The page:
With Florida’s hurricane season just around the corner, it is vital for seniors and those with special needs to be especially prepared.  The many recent natural disasters in the news have highlighted how devastating such disasters can be, especially for individuals with limited mobility and health problems.  Those who are especially at risk during natural disasters include anyone: who relies on others for care and assistance, is dependent on medical technology, has breathing/respiratory issues, suffers from cardiac issues, those with memory disorders/Alzheimer’s Disease.  Read our Nine Tips for Seniors to Prepare for Hurricane Season.

The St. Petersburg Times puts together a wonderful hurricane guide each year-check out the St. Pete Times Tampa Bay Hurricane Guide for 2011.

Here are some interesting facts about hurricanes and disaster preparedness:

  • The first use of a proper name for a tropical cyclone was by an Australian forecaster, who named tropical cyclones after politicians he didn’t like.  Storms are named for ease of communication, especially as different storms can overlap.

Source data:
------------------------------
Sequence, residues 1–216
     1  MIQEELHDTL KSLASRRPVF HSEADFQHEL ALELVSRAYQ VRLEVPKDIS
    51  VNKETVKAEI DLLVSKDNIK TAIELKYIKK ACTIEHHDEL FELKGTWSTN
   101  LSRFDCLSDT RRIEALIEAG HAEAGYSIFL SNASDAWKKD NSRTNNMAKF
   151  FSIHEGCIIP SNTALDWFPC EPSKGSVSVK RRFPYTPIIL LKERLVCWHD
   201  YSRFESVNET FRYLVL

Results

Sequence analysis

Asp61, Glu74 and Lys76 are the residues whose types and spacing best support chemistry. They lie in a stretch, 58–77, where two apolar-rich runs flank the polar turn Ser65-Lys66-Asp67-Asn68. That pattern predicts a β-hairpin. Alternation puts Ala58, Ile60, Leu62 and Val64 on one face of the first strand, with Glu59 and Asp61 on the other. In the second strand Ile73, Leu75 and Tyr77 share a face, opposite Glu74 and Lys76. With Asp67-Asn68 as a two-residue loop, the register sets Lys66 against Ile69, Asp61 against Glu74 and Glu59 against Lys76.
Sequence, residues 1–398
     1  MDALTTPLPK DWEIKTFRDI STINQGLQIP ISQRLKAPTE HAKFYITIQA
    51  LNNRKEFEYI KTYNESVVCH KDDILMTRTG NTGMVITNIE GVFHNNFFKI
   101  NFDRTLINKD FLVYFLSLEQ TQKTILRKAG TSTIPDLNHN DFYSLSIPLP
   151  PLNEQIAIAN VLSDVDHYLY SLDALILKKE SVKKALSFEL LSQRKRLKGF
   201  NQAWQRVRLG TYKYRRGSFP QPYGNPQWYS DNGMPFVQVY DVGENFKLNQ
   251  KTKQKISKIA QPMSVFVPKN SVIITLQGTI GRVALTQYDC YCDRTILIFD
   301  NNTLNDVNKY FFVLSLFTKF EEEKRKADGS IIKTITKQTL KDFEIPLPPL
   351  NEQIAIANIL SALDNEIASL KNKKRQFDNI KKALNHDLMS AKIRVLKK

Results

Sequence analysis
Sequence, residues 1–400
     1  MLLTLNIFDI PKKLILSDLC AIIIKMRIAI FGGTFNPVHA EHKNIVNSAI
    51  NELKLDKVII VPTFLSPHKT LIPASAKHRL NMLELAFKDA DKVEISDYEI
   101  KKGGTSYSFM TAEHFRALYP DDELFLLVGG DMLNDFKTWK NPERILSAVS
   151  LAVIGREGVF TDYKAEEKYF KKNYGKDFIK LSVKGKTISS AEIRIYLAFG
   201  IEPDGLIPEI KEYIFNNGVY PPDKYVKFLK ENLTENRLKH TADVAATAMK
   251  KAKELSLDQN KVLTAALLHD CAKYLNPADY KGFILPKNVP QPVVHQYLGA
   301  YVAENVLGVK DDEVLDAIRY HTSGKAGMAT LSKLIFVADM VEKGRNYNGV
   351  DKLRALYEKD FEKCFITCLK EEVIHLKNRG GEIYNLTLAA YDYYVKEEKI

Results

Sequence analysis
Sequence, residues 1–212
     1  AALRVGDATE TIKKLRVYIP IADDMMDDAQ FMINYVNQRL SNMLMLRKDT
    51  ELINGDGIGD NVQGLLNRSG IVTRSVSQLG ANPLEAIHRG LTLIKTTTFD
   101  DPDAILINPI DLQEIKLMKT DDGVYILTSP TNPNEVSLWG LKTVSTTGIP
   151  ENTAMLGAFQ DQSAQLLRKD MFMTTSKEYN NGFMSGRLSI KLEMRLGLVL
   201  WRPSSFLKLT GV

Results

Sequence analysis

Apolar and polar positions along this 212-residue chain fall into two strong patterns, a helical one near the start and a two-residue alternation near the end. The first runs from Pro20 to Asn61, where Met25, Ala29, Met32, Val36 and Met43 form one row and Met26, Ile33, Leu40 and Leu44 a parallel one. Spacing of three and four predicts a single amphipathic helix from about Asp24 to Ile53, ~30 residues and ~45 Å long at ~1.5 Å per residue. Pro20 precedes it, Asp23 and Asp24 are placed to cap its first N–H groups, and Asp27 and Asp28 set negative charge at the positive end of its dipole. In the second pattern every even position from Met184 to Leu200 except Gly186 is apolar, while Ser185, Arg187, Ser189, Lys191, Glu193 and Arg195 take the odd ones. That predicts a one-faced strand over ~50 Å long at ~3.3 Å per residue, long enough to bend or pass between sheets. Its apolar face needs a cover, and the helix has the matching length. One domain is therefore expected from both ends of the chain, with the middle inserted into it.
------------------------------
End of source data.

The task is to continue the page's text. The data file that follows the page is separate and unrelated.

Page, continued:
• A tropical storm is a low-pressure, tropical system with maximum sustained winds near the center between 39 and 73 mph.  It becomes a hurricane when maximum sustained winds near the center reach 74 mph.
  • A hurricane or tropical storm watch is issued when a storm is possible within 36 hours. A warning is issued when those same conditions are expected within 24 hours.
  • Commercial bottled water can last indefinitely, though the taste may change slightly from exposure to heat/light.  If you fill empty bottles from a cooler or the tap, the water is best consumed within a day or two if it has been at room temperature. It’s good for two weeks if refrigerated.
  • NEVER touch a downed power line, never drive over a downed line and never touch anything in contact with a downed line. If a power line falls on a vehicle, do not touch the vehicle or the line; stay inside the vehicle until help arrives. Post-storm debris can hide fallen power lines.
  • Read some common hurricane myths here.

*Gathered from Tbo.com & St. Pete Times Hurricane Guide 2011 articles

We will be featuring additional articles about home health care emergency preparations and important information for frail, elderly individuals and those with special needs.

View our Senior Disaster Preparedness Checklist and CONTACT US if we can help you prepare for hurricane season, purchase supplies or if you have questions about home care during hurricane season and natural disasters.